Logic signals are usually described as TRUE or FALSE, 1 or 0. There are several other ways to describe signals,

• high or low
• active high or active low
• on or off
• asserted or not asserted

Each term gives you a slightly different perspective when reading logic diagrams.

Written by Willy McAllister.

### Contents

We can build up an interesting and flexible vocabulary for logic signals. This isn’t a new digital theory, but rather a perspective that enriches your understanding of digital logic.

We work with two signals, RESET and SET.

## TRUE/FALSE 1/0

The usual way to talk about logic is to allow two possible values, TRUE or FALSE. These can be abbreviated T and F, or 1 and 0. When we use 1 and 0 this way they are not being used as numbers, but rather as two distinct symbols that are easy to tell apart at a glance. (Later on when we study binary arithmetic we will use 1 and 0 as numbers.)

Our two signals, RESET and SET, can take on two logical values, T/F or 1/0.

## High and low

When we build logic in hardware logic values are usually represented as two distinct voltage levels. The voltage levels are always a range of values. For example, in a 3.3V CMOS logic family,

logic 0 is anywhere in the range 0V - 0.8V
logic 1 is anywhere in the range 2V - 2.4V

This is what logic 1 and 0 look like on a voltmeter or oscilloscope, and it suggests another way to name the logic levels — HIGH and LOW,

HIGH is TRUE or 1 because in digital hardware the higher voltage is associated with the logic 1 state.

LOW is FALSE or 0 because the 0 logic state in hardware is represented by the lower voltage, usually close to 0 volts.

When we associate HIGH with TRUE/1 it is called positive logic.

negative logic

In the early days of the digital age some logic families implemented negative logic. PMOS and ECL (emitter-coupled logic) families used the opposite association where logical 0 was near 0 volts and logical 1 was a lower voltage. These technologies are obsolete so it’s unlikely you will ever deal with negative logic.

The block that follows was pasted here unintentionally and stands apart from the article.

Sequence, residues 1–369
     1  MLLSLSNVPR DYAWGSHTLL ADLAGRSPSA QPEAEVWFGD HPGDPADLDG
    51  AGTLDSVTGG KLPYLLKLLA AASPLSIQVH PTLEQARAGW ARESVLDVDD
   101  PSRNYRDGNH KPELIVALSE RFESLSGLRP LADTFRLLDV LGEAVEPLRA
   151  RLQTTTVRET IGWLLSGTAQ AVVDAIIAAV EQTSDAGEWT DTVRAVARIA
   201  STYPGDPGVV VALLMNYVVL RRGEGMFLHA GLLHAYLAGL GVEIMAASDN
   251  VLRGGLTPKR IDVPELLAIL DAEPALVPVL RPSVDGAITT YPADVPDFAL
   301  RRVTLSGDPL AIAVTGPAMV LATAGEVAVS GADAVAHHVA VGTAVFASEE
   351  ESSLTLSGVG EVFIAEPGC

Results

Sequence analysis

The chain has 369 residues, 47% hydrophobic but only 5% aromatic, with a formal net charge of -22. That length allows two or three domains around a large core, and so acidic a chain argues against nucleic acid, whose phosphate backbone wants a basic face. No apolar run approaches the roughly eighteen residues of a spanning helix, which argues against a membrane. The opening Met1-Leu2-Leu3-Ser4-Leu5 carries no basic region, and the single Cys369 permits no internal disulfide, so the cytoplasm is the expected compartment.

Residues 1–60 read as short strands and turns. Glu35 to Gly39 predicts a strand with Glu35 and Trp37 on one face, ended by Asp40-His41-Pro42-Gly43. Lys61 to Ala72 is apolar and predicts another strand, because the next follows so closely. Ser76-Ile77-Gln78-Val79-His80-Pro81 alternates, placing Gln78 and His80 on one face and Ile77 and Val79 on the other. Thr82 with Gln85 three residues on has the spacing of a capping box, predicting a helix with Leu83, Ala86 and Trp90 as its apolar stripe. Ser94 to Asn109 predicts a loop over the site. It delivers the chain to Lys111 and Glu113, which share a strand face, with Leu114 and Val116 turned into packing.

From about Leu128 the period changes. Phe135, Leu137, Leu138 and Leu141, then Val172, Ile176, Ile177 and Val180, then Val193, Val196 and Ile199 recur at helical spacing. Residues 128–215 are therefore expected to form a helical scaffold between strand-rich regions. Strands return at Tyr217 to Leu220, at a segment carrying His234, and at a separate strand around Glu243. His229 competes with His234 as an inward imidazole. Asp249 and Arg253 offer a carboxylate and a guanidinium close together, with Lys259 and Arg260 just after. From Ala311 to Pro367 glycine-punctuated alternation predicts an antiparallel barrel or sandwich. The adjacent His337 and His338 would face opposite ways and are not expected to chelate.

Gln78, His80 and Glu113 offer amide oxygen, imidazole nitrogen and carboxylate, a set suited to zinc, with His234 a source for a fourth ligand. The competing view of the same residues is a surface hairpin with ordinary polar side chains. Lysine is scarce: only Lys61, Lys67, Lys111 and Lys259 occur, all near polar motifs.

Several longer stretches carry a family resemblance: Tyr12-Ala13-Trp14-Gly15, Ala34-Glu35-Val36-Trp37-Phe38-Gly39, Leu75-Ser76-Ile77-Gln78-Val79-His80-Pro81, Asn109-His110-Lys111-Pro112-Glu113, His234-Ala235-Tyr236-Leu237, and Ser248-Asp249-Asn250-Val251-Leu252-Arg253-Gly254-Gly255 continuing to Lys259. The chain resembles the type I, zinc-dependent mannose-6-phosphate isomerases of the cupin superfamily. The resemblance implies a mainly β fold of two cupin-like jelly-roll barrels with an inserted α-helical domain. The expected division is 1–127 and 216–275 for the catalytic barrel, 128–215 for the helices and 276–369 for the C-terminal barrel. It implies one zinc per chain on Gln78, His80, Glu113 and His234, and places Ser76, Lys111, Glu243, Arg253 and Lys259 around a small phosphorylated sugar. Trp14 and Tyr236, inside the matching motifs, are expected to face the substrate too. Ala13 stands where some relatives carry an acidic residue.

## Active high, active low

Here’s another way to talk about logic values. We say signals are active. Let’s explain with our two example signals,

When RESET is HIGH it wants to reset whatever it is connected to. When RESET is LOW it means, “I’m not telling you to reset, so do whatever you are supposed to do.” We say RESET is active high. Active means the signal is saying, “do what my name says.”

When SET is LOW it wants to set something. When SET is HIGH it means, “I’m not telling you to set, so do whatever else you are supposed to do.” We say SET is active low. Active means the same thing it means for RESET, it means “do what my name says.”

How do you tell if a signal is active high or low? If it does not have a negation symbol—no bar or other negation indicator—it is active high. If it is negated, it’s active low. It doesn’t matter what the signal name is. The signal name represents “this is what I do.”

It is important to pick good signal names. Pick names that mean “this is what I do.”

## On and off

We can also talk about logic signals being ON or OFF. ON and OFF don’t mean the same as 1 and 0, or TRUE and FALSE, or high and low. Let’s illustrate with a light switch,

A normal light switch is mounted so the light is ON when the lever is up.

ON turns the light on. With the switch mounted in it’s usual orientation, it seems okay to associate ON with 1/TRUE/HIGH.

But, what if I remove the light switch from the wall and reinstall it upside down? What happens? Flipping the switch to ON still turns the light on, but it the switch is flipped down. It doesn’t make sense to associate ON with 1/TRUE/HIGH any more. ON is now 0 or FALSE or LOW. And 1/TRUE/HIGH now means OFF! What the heck is going on here?

It’s kind of tricky. Here’s where the confusion comes from. ON is associated with the light bulb, not with how the switch is installed. ON represents our intent for what the light bulb should do. ON has nothing to do with how the switch is mounted on the wall.